The district court obviously carefully considered its decision regarding this evidence and properly determined that the evidence was relevant to show Lennartz' intent to distribute methamphetamine and her knowledge. Those were material points which she had contested. Moreover, Lennartz does not contest the other three Rule 404(b) factors, and they were satisfied here. Finally, this evidence was not "unfairly prejudicial" under Rule 403. See Ayers, 924 F.2d at 1474.


(2) Lennartz also objects to the district court's admission of most of the government's rebuttal case. She contends both that she was denied a fair trial because the prosecution did not disclose rebuttal witnesses before trial and that the evidence was not proper rebuttal.


First, it is well-settled that the government "is not ordinarily required to disclose [rebuttal] witnesses." United States v. Gering, 716 F.2d 615, 621 (9th Cir.1983); see also United States v. Dischner, 974 F.2d 1502, 1522 (9th Cir.1992), cert. denied, 507 U.S. 923, 113 S.Ct. 1290, 122 L.Ed.2d 602 (1993); United States v. Angelini, 607 F.2d 1305, 1308-09 (9th Cir.1979). Although the court had ordered the government to disclose witnesses, the court made it clear the order did not include rebuttal witnesses. There was simply no error here.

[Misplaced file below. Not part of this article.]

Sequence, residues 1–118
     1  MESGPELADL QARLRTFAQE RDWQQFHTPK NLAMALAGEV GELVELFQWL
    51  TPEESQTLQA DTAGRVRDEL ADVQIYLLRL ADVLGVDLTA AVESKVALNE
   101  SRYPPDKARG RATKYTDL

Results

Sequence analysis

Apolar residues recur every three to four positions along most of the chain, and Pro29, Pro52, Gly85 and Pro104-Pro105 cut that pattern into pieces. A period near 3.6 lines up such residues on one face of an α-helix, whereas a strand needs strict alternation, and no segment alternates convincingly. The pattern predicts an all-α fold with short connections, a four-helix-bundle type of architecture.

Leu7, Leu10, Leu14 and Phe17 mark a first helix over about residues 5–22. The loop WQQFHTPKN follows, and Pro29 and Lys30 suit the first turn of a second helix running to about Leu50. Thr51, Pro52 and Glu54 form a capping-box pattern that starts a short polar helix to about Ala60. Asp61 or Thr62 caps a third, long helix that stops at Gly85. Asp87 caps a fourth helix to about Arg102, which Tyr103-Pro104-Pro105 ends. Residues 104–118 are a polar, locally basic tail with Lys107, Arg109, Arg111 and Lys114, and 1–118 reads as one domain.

Second, the district court did not abuse its discretion when it admitted evidence from witnesses who testified to Lennartz' trafficking in drugs. Relevant evidence is any evidence which tends to prove a fact in issue. Fed.R.Evid. 401; United States v. Dean, 980 F.2d 1286, 1288 (9th Cir.1992). Here, all of the rebuttal evidence was relevant to support the government's case; it tended to show that she was engaged in drug dealing before Bertram died and that her drug use after his death did not stem entirely from depression.